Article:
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Bebop Spoken There

Marc Myers: " If the original group with Baker was Dover sole, the group with Brookmeyer was beef stew." - (JazzWax, December 7, 2019).

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Today Tuesday December 10

Afternoon

Jazz

Classic Swing - The Ship Inn, Front Street, Monkseaton NE25 8DP. 0191 251 3677. 1:00pm - 3:00pm. Free.

Evening

Jam session - Black Swan Bar, Newcastle Arts Centre, Westgate Road, Newcastle NE1 1SG. Tel: 0191 222 9882. 8:00pm. House trio: Mark Williams, Paul Grainger, Rob Walker.

Tyne Valley Big Band - Fox Inn, West End Terrace, Hexham NE46 3DB.Tel: 01434 603681. 8:30pm. Free (donations).

Blues/Soul/Folk etc.

?????

To the best of our knowledge, details of the above events are correct but may be subject to alteration.

Sunday, September 28, 2014

Alex Baker Quartet @ The Jazz Café. September 27

Alex Baker (tenor saxophone), Dean Stockdale (keyboards), Amy Baker (electric bass) & Stephen Fletcher (drums)
(Review by Russell/photos courtesy of Mike Tilley).
Saturday night in the Jazz Café and a good crowd (some new faces) turned out to hear Alex Baker. The self effacing tenor man emerged from the ranks of the Durham County Youth Big Band, relocated to Sheffield and makes oh-so-rare appearances as a member of the Durham County’s alumni band.
Baker’s quartet hails from the land of the Prince Bishops (sister Amy from the same household!) and this Jazz Café engagement marked the band’s Tyneside debut. Pianist Dean Stockdale is a familiar face on the Newcastle scene and it came as something of a surprise that he chose to play his keyboard rather than make use if the Caff’s upright. No matter, his playing reaffirmed his undoubted talents, sight-reading some of the material at a moment’s notice (it – A Moments Notice –  was heard later in the evening). Baker possesses a beautiful, warm sound founded on secure technique. Playing acoustically, eschewing announcements (the betting is a painfully shy man hides behind his Selmer Mark VI), Baker’s tenor did the talking. Coltrane featured, as did a sprinkling of standards. Giant Steps, with its Baker-Fletcher tenor-drums intro, flew high, the fabulous Amy Baker and Stockdale on the runway, ready to join them, the mastery of it being Baker’s unhurried phrasing at full throttle. Solar and a subtle reading of Body and Soul (Stockdale’s playful incorporation of Singing in the Rain and Fletcher’s brushes) would have made a Queen of Jazz purr with pleasure.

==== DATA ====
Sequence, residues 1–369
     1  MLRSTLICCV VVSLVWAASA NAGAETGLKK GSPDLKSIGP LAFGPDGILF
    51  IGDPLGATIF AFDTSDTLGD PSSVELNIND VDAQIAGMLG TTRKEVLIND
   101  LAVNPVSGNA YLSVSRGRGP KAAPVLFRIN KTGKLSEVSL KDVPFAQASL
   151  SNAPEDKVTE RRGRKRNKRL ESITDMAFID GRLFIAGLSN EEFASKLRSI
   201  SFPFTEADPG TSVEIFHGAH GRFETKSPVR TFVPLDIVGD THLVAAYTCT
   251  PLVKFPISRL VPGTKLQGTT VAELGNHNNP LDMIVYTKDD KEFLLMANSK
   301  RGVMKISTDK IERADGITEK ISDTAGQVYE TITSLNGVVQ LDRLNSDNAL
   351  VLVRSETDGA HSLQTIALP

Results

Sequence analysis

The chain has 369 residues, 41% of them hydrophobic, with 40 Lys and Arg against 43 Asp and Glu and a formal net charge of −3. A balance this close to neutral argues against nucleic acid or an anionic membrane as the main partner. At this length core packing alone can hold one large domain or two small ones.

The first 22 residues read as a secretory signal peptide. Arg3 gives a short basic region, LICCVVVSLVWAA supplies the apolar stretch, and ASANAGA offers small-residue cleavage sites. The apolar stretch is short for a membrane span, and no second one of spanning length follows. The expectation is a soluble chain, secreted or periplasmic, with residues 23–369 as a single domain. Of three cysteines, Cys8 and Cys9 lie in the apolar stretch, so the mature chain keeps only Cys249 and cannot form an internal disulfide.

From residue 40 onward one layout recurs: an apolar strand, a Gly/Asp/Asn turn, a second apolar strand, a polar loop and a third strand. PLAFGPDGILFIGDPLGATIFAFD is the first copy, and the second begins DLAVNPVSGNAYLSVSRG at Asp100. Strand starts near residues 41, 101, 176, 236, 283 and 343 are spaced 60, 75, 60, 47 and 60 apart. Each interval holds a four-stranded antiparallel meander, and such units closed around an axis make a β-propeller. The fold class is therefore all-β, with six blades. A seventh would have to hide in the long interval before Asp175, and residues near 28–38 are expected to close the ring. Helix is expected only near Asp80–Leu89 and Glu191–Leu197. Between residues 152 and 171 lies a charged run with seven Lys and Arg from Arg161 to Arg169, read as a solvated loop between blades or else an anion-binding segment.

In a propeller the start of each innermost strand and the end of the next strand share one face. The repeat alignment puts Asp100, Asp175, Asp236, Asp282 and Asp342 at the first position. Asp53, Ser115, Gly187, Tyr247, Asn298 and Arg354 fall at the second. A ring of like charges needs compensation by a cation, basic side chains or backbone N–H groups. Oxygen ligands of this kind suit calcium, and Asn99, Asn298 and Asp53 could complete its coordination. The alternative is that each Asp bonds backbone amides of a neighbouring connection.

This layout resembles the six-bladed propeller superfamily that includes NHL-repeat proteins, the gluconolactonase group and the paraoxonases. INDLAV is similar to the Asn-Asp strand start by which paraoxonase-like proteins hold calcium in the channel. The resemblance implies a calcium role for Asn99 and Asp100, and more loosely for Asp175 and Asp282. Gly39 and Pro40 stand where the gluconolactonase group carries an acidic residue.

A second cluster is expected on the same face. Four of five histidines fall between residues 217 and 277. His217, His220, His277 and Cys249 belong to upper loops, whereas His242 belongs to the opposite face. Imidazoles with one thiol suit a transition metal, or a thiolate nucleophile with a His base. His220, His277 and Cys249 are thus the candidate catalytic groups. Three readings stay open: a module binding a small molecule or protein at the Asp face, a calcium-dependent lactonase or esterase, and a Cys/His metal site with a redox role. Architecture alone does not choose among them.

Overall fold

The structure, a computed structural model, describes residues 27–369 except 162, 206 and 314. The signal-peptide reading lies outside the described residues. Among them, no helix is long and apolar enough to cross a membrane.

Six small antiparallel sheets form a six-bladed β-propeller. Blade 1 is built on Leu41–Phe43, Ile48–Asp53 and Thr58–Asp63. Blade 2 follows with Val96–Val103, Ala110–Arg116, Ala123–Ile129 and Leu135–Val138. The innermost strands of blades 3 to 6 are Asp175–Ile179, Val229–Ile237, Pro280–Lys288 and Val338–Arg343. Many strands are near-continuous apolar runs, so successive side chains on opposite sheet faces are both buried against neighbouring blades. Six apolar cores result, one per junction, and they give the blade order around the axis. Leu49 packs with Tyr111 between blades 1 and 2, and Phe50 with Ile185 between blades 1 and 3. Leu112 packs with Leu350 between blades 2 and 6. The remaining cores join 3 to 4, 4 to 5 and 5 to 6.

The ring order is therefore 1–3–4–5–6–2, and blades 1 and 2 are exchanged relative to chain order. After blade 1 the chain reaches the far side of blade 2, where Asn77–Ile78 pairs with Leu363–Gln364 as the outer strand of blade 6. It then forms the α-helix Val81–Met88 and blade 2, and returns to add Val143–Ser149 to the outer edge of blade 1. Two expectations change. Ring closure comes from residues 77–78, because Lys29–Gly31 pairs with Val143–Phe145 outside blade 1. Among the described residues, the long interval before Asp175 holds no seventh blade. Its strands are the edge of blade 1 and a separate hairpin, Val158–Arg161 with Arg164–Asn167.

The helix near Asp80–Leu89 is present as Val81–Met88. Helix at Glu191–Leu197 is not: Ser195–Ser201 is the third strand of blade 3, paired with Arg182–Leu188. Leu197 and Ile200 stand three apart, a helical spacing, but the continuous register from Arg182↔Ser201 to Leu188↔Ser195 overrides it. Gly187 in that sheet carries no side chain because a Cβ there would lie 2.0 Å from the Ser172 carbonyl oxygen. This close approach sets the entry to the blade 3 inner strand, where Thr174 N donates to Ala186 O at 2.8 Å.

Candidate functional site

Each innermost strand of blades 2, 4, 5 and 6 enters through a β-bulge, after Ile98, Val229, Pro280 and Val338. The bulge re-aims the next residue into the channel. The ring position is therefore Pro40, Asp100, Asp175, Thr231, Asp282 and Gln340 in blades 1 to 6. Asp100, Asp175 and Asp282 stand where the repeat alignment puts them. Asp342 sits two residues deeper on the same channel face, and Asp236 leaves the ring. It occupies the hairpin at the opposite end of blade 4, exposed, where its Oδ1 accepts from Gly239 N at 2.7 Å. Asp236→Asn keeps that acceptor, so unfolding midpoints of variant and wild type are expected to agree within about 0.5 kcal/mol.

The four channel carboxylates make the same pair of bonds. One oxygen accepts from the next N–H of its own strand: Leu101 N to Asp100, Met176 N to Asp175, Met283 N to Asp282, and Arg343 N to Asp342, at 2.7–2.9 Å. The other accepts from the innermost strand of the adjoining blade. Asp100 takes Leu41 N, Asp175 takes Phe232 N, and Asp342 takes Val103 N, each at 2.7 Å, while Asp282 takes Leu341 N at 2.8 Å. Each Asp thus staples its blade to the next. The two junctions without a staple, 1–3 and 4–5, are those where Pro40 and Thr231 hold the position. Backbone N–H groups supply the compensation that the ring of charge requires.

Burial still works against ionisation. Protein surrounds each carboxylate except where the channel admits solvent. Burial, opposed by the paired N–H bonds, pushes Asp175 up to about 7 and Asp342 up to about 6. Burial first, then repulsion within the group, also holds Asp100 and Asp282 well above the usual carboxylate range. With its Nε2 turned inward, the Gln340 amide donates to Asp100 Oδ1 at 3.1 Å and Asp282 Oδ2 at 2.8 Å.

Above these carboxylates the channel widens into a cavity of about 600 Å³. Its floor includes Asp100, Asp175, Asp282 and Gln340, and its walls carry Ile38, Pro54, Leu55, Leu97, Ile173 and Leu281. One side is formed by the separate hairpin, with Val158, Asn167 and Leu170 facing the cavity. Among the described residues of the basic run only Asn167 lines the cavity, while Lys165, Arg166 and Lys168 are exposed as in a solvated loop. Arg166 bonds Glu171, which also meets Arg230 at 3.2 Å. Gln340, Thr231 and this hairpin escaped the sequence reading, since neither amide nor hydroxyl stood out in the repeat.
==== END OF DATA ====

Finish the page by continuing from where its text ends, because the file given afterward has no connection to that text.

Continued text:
Second set Baker emerged, reluctantly, from behind the security of his tenor to speak briefly, at one point telling of a recent trip to Preservation Hall, New Orleans. He played St James’ Infirmary – fabulously funereal. Hearing You Don’t Know What Love Is wouldn’t have been out of place in mid-sixties Ronnie Scott’s a la Zoot and co. Seven Steps to Heaven sizzled, fine playing all round and the set closer, the little-heard On a Misty Night brought deserved applause, so much so Baker won an encore and played a killing Mr PC. The next time Alex Baker plays the Jazz Café get there early to claim a front row seat.                     
Russell.

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